The increase includes an additional amount above current inflation and would go into effect for incoming students in fall 2022
By KATHLEEN QUINN— firstname.lastname@example.org
On Thursday, the UC Board of Regents will vote on a new tuition increase after holding off decision-making during the height of the pandemic.
The proposed increase would not go into effect until fall 2022 and would affect undergraduate and graduate students separately.
“Under the plan, tuition for current UC undergraduates, along with those who enroll this fall (2021), would stay flat for the duration of their enrollment, up to six years,” said UC senior communication strategist Stett Holbrook, via email. “The increase would apply to new and continuing graduate students, but not until fall 2022.”
The undergraduate shift for 2022 includes a 2% rise in tuition in addition to the current rate of inflation, with somewhat smaller increases above inflation until the 2025-2026 school year, according to the proposed adjustment for student charges.
The intention, according to the regents, is to create stability in assessing student tuition moving forward.
Ryan Manriquez, the ASUCD president and a fourth-year political science and communication double major, said he has been speaking with other student representatives throughout the UC system who will attend the July 22 meeting.
“Any increase in student tuition and fees is ultimately going to harm students, whether it’s now or in six years,” Manriquez said.
Nicholas Stapleton, a 2021 UC Davis computer science alumnus, said a public institution’s first responsibility is to all Californians.
“I understand the need to increase costs to cover inflation, and I appreciate the rolling cohort system, but the rate that tuition has increased since the 1970s has grossly exceeded the rate of inflation,” Stapleton said.
The tuition and fees of the mid-1970s for in-state residents were $630. Adjusted for inflation, this would make the yearly cost of attending UC Davis a little over $3,000 and not the current yearly rate of over $14,500.
The Board of Regents proposal states that the additional funds would go to mitigating a proposed budget shortfall and addressing deferred maintenance and technology infrastructure needs which it states could cause further liability.
According to the proposal, “campuses have delayed needed investments in their technology infrastructure and financial systems and, in some cases, are now using platforms that are no longer supported by the vendor, creating potential risks to data security and business processes.”
This statement in the proposal comes after a massive data breach that exposed students and staff to identity theft by leaking personal information including social security numbers.
The proposal cites a decrease in state funding as part of the shortfall it projects, however, Governor Gavin Newsom’s budget revision in May included over $950 million for the UC system, as well as $150 million in federal funds for on-campus repairs and energy efficiency using it as an incentive to not raise student tuition and fees.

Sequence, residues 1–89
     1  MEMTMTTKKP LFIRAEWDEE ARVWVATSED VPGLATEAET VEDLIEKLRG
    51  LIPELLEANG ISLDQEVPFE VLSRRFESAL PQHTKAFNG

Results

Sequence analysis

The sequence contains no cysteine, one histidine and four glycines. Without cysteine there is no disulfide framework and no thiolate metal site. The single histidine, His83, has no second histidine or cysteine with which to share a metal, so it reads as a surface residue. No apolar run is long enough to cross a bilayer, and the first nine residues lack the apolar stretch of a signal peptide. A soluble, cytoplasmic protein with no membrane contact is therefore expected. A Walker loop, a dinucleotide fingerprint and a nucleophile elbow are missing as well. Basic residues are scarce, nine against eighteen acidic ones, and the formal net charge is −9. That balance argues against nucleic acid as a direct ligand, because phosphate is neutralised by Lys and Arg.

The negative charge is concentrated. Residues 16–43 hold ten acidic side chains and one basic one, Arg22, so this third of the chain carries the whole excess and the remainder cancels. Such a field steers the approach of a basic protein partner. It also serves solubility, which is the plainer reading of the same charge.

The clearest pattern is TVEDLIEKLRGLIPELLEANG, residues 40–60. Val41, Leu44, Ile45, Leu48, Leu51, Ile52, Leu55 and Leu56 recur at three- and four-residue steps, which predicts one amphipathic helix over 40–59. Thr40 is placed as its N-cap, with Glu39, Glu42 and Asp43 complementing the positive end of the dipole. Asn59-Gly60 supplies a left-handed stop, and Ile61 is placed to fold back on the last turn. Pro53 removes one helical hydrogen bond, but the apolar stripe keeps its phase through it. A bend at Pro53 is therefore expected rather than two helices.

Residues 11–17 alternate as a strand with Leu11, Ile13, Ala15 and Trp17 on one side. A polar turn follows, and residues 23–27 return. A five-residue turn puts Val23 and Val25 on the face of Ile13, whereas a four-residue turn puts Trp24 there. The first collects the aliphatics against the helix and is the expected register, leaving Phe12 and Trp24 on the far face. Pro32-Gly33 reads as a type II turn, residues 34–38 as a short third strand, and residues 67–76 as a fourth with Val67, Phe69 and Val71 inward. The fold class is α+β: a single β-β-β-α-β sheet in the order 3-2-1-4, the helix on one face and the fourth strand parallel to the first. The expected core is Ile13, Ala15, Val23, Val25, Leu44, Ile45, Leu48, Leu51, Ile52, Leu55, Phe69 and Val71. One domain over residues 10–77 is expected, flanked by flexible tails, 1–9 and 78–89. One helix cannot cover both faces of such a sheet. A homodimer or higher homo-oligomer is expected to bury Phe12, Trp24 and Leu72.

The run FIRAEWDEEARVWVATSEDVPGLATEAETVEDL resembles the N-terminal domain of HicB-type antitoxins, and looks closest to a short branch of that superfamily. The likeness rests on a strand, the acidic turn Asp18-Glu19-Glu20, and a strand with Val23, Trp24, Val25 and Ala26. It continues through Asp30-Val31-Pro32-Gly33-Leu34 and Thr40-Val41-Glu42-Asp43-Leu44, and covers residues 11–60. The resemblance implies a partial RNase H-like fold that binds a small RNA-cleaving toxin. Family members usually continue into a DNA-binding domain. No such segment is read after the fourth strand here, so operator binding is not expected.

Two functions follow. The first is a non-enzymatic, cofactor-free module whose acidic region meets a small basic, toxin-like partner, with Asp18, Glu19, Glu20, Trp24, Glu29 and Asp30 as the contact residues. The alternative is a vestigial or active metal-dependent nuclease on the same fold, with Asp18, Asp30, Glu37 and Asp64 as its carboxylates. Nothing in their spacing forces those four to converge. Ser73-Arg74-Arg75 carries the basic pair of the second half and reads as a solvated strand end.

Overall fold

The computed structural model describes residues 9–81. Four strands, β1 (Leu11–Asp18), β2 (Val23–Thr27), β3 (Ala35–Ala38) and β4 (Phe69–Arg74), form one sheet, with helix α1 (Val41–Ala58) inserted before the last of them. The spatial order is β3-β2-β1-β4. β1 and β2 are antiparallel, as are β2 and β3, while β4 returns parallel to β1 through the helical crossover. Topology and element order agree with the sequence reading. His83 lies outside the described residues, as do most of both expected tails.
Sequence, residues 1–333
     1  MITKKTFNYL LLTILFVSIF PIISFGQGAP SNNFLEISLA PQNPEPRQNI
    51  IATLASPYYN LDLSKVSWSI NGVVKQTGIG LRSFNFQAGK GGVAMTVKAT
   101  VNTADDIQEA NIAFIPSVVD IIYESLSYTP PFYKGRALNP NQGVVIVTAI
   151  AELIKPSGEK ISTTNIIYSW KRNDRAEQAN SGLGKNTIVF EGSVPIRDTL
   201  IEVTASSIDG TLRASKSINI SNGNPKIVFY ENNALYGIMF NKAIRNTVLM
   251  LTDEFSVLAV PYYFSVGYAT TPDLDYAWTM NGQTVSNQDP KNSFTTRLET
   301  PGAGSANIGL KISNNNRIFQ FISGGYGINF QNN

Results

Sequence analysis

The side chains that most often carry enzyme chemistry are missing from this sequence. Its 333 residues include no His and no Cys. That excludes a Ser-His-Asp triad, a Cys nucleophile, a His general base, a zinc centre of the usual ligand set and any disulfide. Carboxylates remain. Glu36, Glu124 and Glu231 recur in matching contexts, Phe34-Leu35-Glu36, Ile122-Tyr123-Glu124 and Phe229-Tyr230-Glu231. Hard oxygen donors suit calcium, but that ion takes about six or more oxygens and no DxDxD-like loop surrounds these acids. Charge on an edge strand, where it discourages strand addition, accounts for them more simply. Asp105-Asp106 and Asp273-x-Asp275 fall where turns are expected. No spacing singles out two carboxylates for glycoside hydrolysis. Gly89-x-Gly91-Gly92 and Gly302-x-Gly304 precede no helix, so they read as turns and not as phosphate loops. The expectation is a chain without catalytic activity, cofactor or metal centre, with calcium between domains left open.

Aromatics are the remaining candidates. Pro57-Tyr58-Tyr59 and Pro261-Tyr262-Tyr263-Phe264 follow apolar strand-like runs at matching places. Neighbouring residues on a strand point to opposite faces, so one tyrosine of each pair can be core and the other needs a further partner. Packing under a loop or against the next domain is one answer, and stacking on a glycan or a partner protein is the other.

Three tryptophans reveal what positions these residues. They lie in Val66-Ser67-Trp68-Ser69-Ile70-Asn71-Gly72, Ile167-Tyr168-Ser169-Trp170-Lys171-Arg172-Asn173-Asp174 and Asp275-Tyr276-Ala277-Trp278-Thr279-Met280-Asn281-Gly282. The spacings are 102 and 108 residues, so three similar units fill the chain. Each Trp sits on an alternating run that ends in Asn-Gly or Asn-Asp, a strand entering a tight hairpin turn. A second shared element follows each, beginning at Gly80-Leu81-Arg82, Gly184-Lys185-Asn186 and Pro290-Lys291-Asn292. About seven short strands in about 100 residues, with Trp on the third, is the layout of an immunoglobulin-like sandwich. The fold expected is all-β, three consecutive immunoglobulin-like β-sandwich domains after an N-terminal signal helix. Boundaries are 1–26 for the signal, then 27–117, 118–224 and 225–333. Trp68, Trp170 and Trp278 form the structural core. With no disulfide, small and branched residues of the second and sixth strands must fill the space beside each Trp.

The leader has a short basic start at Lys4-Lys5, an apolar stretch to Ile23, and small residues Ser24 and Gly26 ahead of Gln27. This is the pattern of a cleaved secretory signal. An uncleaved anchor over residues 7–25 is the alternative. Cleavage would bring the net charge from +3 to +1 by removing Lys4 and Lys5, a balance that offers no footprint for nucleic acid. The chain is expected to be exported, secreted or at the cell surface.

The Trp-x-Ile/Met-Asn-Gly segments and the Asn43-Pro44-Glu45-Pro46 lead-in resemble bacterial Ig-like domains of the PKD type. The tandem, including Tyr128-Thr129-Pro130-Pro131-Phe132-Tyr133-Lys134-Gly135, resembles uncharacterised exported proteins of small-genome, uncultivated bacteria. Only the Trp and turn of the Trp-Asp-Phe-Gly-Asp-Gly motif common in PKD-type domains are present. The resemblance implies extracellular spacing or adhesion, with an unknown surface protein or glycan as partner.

“I don’t think it’s valid, especially when you have millions of dollars that the governor is proposing for the system to have right now,” Manriquez said.
The proposal states that the increase is necessary regardless of the proposed base support funding provided by the state’s 2021-22 Budget Act.
Enrollment in the UC system has increased dramatically since the previous tuition increase, which the proposal said has reduced the amount of benefit provided by the UC system per student by 36%, according to a display presented in the proposal.
“Undesirable consequences of this decline in resources can be seen in several metrics directly related to the student experience, including a deterioration in the student-faculty ratio, larger class sizes, a substantial backlog of campus deferred maintenance needs, and a decline in the percentage of students who would, knowing what they know today, choose to attend the UC campus at which they enrolled,” the proposal states.
Aidan Kato, an incoming third-year political science major, said he considers the rise in tuition to be a “necessary evil.”
“Right now, we are getting way less of a bang for our buck,” Kato said, citing the student per contribution estimates in the proposal.
Sterling Beauchamp, a third-year applied mathematics major, said the issue is probably more complicated than most students would like to imagine.
“I think transparency would go a long way in helping the process,” Beauchamp said.
Holbrook said that the university has been exploring a multi-year plan for several years and that the intention is to increase predictability and provide better budget planning for campuses.
According to Manriquez, there are many other ways that the UC system “can get out of the red” without raising student tuition.
“I can tell you one thing that our students are not millionaires and it’s millionaires making these decisions at the Board of Regents right now,” Manriquez said. “Is asking it of students really the right way to go?”
Written by: Kathleen Quinn— email@example.com